Prior to this season he was just another backup linebacker. However with starting MLB and defensive captain Antonio Morrison out with a horrible knee injury, Anzalone knew he would be counted upon to step and up become the defensive leader.
The word out of camp was that he did just that and it showed on Saturday. He was a vocal leader and put the athleticism and agility that made him a highly sought after recruit on display Saturday night.
He flew sideline to sideline and showed a knack for getting to the ball carrier as well as strength in fighting through blocks.
Coming out of last season, the linebacker spot appeared to be the weak link of the defense with Morrison thought to be out into this season and the unit suffering from a lack of depth and experience.
Anzalone’s play was a bright spot Saturday night and along with Morrison’s surprising return and improved play from others shows the Gators could be fine in the middle of the defense.
The Gators first half defense was inexplicably porous giving up 201 yards (119 passing, 82 rushing).
Perhaps you can chalk it up to first game anxiousness, but with the defense being the strength of the team and considered to be one of the best in the nation, it was inexplicable and maddening to fans watching the Aggies move the ball pretty successfully in the first half.
Typically for a season opener with a young defensive line there are issues in gap containment and setting the edge as young guys try too hard to make plays. It leaves them vulnerable to play fakes, read options, and quick pitches.
That was the case early for the gators before settling down and making halftime adjustments.
It wasn’t simply line mistakes either as the backfield had numerous breakdowns early likely due to players playing out of position due to suspensions and injuries.
It was certainly encouraging, however, that they made proper adjustments and pretty much shut them down in the second half giving up -11 rushing yards and only 5 yards passing.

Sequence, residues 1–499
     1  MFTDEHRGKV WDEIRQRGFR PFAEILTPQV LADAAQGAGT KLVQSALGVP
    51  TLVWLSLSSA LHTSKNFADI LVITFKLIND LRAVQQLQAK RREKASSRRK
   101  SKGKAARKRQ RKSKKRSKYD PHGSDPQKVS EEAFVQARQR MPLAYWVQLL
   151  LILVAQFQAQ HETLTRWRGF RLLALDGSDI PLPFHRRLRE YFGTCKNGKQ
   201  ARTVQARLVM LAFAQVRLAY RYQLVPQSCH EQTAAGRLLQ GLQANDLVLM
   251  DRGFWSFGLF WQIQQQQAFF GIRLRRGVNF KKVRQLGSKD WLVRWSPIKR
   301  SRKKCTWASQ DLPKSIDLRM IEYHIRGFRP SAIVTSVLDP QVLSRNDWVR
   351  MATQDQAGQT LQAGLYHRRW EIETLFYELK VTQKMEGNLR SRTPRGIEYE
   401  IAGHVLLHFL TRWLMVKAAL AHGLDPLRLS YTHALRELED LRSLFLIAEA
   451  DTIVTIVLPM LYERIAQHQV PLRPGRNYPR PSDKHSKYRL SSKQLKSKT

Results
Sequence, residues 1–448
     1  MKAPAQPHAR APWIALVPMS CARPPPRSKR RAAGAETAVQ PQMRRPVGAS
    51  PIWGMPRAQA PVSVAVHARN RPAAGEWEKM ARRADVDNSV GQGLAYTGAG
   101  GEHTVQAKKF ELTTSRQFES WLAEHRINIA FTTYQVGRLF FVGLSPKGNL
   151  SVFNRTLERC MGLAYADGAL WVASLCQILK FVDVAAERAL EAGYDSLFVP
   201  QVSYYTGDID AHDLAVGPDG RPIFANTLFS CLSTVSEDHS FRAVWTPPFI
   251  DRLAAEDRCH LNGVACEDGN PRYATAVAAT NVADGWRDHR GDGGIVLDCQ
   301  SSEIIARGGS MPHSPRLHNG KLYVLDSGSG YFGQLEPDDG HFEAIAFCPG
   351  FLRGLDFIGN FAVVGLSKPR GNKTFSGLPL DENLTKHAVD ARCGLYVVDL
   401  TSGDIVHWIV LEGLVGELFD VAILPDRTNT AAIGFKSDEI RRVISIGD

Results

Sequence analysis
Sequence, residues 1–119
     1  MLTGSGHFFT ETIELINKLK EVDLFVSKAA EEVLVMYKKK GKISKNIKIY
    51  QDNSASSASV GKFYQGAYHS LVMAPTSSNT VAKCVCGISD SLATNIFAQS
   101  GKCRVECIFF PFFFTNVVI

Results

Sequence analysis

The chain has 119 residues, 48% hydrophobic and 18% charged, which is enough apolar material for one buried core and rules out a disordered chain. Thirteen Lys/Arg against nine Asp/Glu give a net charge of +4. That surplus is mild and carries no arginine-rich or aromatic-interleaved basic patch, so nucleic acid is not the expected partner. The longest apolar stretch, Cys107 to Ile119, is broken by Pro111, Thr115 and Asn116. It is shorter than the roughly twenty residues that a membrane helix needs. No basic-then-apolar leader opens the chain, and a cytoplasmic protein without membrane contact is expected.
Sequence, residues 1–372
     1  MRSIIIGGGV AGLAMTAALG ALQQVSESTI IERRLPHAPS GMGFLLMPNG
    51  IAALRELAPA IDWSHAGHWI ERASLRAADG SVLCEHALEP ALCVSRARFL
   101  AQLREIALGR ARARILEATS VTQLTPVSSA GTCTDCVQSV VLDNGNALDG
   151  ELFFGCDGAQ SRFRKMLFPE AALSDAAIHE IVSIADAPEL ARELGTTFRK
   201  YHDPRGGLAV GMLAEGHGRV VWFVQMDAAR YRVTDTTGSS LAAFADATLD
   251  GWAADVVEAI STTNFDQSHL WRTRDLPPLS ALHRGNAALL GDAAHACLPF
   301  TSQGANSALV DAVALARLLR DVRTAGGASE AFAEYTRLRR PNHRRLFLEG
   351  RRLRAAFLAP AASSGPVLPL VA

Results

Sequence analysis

They’ll certainly have to come out of the locker room more disciplined moving forward or they could find themselves in a deep hole early against the better teams on the schedule.
The offensive line had a somewhat shaky inconsistent start to the season.
Coming in it was obvious that the inexperienced offensive line could likely be the Gators Achilles heel this season. Having only one player (Trip Thurman) who had even started a game for the Gators the staff knew it would be a work in progress this season seeking the right combination to be effective.
It was obvious in the opener that they’re still looking.
Poor shotgun snaps, missed blitz pickups, free rushers created problems for the offense. Gator quarterbacks were forced to leave the pocket on numerous occasions and were hurried often unable to go through their progressions.
They were lucky to be able to get the ball to their check downs on most occasions giving up only the one sack-fumble by Will Grier.
The good news, however, was that Harris was able to use his athleticism to scramble outside of the pocket and make plays while Grier was quick with his decisions and quick with his throws.
They’ll certainly need to work to shore up these snap and protection problems before hitting the SEC schedule with defensive line rotations which are unforgiving and backfields which will take advantage of hurried throws.
Overall, however, it was a good debut for coach Mac and a good performance for a lot of first year players. There was more good than bad and far more good than ugly.